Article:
Monday, May 29, 2006

Raul Midon: A World of Music in One Man 

I mentioned last week that I was fortunate that my friend Jenn got me invited to see Thomas Dolby perform two sets at Joe's Pub. Thomas is the music director of the TED conference and the first set was actually a "salon" for TED members in NYC. Thomas was showcasing a few performers who might be invited to perform at future TED events and one of them was Raul Midon.

For those of us who had never heard of Midon, his introduction was an odd event. The woman from TED introduced him with effusive praise and then disappeared. The stage darkened to a spotlight. And then a stagehand came onstage carefully wending his way through amplifiers and cords carrying a guitar. It slowly became clear that his caution was due to the fact that he was leading a hiply dressed man onstage in the near darkness. As they entered the spotlight, suddenly a different version of the truth emerged: Mr. Midon is blind.

We watched curiously as the stagehand strapped an acoustic guitar onto Midon. I noticed that on each finger of his right hand was a plastic finger pick. Once everything was in place, the stagehand graciously crept away and Mr. Midon took command of the room. He announced, "Usually I talk a lot more, but I have to catch a 10pm flight to Paris, so I'm just going to get right into it."

The next thing is that Midon starts singing and playing. First of all, it must be said that the closest and easiest reference for Midon's singing voice is Stevie Wonder. That immediately makes everyone sit up and take notice. A blind man singing like Stevie Wonder? Is he going to be original?

After a few seconds, I get past the voice and am drawn to the energy of his guitar playing. As the first few minutes of the song go by, I begin to observe that he's getting every damn sound out of the guitar that might be possible. He starts by playing somewhat flamenco-style, courtesy of his flying finger picks. In another section of the song, he strums it folk-style. He starts adding drum beats by banging the face and the sides. Suddenly, he's playing it slap-style and I find myself thinking about Jaco Pastorius on "Heavy Weather". I'm reminded of Tom Dowd in The Language of Music saying of Clapton and Allman's playing during their "Layla" duet, "Those notes aren't even in the instruments...they're only in their fingers."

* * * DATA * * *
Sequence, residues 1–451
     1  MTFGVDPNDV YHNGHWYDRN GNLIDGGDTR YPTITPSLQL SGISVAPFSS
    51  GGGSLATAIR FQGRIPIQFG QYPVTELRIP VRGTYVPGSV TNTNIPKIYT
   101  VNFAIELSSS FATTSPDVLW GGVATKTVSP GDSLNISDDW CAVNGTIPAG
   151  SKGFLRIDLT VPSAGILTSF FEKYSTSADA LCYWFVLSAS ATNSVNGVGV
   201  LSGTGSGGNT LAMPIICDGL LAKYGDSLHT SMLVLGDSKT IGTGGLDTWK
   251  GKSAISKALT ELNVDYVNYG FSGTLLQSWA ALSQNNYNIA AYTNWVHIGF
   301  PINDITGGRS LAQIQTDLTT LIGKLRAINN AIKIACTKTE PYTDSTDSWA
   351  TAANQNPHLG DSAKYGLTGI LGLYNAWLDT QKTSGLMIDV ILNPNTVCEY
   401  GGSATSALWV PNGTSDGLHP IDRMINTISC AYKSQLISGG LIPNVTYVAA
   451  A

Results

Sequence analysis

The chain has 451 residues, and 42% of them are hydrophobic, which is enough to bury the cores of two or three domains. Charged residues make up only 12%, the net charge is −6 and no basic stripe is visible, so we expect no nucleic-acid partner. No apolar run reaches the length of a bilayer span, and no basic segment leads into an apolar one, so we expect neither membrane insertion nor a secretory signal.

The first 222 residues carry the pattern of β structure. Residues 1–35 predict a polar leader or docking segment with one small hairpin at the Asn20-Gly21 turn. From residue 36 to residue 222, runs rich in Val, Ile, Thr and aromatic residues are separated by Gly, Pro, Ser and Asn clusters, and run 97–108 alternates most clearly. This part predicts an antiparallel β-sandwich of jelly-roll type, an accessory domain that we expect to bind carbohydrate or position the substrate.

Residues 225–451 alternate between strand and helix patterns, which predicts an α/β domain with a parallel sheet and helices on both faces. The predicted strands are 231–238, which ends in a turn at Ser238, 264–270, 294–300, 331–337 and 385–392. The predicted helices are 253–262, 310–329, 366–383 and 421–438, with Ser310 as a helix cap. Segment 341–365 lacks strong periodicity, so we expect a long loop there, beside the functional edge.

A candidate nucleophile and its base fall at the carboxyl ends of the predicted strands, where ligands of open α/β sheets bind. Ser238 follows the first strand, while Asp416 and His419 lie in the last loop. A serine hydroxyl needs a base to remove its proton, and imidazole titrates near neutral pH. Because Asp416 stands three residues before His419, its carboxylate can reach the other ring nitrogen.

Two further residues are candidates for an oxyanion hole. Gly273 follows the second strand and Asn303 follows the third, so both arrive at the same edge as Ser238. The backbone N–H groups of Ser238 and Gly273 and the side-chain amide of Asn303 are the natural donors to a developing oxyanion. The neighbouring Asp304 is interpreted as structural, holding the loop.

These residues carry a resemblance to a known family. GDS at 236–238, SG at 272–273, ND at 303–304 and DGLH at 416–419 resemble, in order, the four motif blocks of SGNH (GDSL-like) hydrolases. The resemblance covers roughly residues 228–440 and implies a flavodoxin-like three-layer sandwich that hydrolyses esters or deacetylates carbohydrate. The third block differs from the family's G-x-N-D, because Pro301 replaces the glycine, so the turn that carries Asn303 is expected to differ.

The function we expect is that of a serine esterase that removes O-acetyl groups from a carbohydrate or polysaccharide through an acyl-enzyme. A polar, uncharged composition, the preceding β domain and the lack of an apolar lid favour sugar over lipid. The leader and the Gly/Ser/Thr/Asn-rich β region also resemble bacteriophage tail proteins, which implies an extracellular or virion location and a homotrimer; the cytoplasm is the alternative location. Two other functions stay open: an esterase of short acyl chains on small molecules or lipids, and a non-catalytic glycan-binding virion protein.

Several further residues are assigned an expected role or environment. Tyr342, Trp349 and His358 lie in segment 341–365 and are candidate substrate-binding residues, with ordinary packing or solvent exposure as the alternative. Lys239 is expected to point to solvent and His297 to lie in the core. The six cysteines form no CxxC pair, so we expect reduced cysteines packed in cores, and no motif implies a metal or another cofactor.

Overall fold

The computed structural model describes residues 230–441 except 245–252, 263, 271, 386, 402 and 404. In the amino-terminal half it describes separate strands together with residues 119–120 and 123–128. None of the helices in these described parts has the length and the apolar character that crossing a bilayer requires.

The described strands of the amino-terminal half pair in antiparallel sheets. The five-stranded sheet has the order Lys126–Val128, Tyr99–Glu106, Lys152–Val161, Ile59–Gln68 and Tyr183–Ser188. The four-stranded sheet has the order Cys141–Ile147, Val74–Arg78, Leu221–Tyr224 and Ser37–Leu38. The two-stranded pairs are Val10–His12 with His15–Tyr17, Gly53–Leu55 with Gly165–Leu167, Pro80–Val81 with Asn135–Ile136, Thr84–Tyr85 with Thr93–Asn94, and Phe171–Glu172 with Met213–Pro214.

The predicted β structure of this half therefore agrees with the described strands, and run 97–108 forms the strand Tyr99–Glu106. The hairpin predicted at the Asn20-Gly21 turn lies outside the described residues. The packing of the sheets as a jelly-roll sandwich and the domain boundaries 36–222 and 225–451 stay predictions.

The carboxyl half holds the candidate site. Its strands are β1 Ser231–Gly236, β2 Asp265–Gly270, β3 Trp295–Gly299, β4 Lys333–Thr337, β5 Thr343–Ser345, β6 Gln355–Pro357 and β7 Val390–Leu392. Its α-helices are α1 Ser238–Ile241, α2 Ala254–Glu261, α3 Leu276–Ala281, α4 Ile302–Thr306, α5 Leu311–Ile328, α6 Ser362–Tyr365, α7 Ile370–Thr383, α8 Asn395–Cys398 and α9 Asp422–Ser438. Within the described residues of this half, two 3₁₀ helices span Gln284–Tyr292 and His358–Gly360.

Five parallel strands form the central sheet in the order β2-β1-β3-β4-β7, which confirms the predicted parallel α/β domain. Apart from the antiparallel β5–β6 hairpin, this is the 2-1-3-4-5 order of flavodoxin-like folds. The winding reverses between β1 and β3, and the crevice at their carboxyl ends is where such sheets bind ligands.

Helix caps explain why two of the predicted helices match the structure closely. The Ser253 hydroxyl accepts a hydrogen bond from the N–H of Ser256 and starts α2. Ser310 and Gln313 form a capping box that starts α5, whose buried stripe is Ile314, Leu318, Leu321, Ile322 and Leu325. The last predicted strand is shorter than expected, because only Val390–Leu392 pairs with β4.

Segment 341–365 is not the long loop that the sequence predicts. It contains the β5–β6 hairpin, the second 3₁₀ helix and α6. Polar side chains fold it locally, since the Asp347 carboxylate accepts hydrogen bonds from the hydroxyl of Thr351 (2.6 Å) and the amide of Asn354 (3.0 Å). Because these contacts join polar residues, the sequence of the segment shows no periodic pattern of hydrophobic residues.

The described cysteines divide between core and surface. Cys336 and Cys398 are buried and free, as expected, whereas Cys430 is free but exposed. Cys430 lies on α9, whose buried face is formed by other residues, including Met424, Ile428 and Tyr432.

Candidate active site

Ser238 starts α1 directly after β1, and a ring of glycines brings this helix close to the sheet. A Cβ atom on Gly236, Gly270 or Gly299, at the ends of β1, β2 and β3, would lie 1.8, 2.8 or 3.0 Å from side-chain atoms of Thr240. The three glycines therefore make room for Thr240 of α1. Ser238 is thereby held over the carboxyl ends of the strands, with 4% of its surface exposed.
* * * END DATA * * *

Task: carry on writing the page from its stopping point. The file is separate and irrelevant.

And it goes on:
As if this were not enough, all of a sudden I find myself hearing Herb Alpert-style trumpeting. I start scanning the stage. I thought this was a solo act? I squint. It dawns on me. He's mimicking trumpet...with his mouth. And playing, and singing. Needless to say, the crowd went nuts when the "trumpet" solo peaked.

As soon as I got home, a hazy memory emerged of having heard something about Midon last summer on NPR. So I went back to the site and - sure enough - I found a handful of his appearances on a range of shows.

Here's where you can learn more:

1) World Cafe: Start here because here Midon is playing live. You can get a sense of why I was so amazed when I heard him performing solo.

2) Tavis Smiley: If you're interested in his blindness, his twin brother who is a rocket scientist (!), and how he came up with his sound(s), this is a good clip.

3) Weekend Edition: This is a good clip if you are interested in buying the album. You can listen to three studio tracks.

Check him out.
Cory and I saw Raul play live at Scullers in Boston last night and he is an awesome talent indeed. He plays guitar with a physicality that only a blind person could ever concoct, and his mouth trumpet improvisation would be a gimmick if it weren't so damn good. As I suspected, his recorded music doesn't convey the magnitude of his gift (which frustrates the producer wannabe in me), but he is a tour de force in any case. Wow!
I'm so glad you guys got to seem him play out. I'm thinking it is quite possible that some day in the not too distant future that it will be hard to see him perform in small, intimate spaces; so it's great to catch him play the little joints while we still can.

Also, I agree the album is not nearly as compelling as he is live, which is why I specifically linked to the live performance on NPR as the first place folks should check him out.
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